The dual point of view is still in effect here, but this book focuses more on Raisa than Han, an aspect I thought I would enjoy as I greatly prefer her character. But it turned out Han’s struggles were much more interesting than Raisa’s so I was left unsatisfied. The Gray Wolf Throne is very character driven, even more so than The Exiled Queen.


It was sad to see the end of Oden’s Ford, as I really enjoyed the setting, and there wasn’t really any firm setting here. They moved around a lot and unlike in The Demon King, it didn’t work.


The first half of the novel was the best. It was pretty intense, with both Han and Raisa on the same path, yet separated. It was action packed, and I felt it had a good balance with the slower scenes. The plot was engaging and constantly moving forward (although pretty slowly it seemed) yet it didn’t have any strong build up or climax. This definitely was more of a bridge book to set up for the sequel. While I enjoyed the read, it was disappointing. There are still some fantastic moments, and if you have liked the first two books then you should definitely pick this one up. I’m hoping that this is all build up to an explosive finale! And if you haven’t tried this series yet, go ahead and give The Demon King a chance. It’s an excellent, refreshing young adult fantasy!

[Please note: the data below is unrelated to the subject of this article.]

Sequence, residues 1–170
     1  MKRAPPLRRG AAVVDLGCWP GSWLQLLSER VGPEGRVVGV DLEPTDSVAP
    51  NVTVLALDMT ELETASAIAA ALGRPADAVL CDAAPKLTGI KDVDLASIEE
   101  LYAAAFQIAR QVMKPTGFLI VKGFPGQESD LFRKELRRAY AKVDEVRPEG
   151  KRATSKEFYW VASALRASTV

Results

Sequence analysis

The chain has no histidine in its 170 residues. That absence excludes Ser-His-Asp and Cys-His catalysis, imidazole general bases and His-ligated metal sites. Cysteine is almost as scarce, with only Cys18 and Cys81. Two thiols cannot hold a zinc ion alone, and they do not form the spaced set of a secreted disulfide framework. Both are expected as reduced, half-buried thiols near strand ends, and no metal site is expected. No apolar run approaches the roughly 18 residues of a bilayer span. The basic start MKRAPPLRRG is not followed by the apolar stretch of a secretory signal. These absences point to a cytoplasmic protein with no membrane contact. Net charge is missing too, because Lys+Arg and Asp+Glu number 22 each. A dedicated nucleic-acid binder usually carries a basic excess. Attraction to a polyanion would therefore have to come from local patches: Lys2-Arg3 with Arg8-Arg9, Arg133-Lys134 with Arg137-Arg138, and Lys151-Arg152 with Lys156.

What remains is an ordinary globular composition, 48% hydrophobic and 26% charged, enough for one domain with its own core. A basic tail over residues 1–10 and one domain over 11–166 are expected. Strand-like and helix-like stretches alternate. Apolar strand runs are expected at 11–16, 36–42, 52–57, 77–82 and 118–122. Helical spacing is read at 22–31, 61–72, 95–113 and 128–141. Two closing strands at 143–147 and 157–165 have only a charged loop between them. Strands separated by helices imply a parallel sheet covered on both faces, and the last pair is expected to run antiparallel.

Like Reblog Comment
review 2015-05-24 00:00
Paper Towns
Paper Towns - John Green

Really, once you've read one John Green book, you've read them all. Paper Towns is a somewhat less tragic version of Looking For Alaska. It was still a good book, even a great book. It made me laugh and it made me go "Hmmmm" and it made me sad. But, when I finished it I realized that ultimately I didn't get much out of it. The characters weren't memorable the story wasn't memorable the setting was very unmemorable. Paper Towns and Paper Stories. The one thing I really took away was an intense desire to take a spontaneous road trip.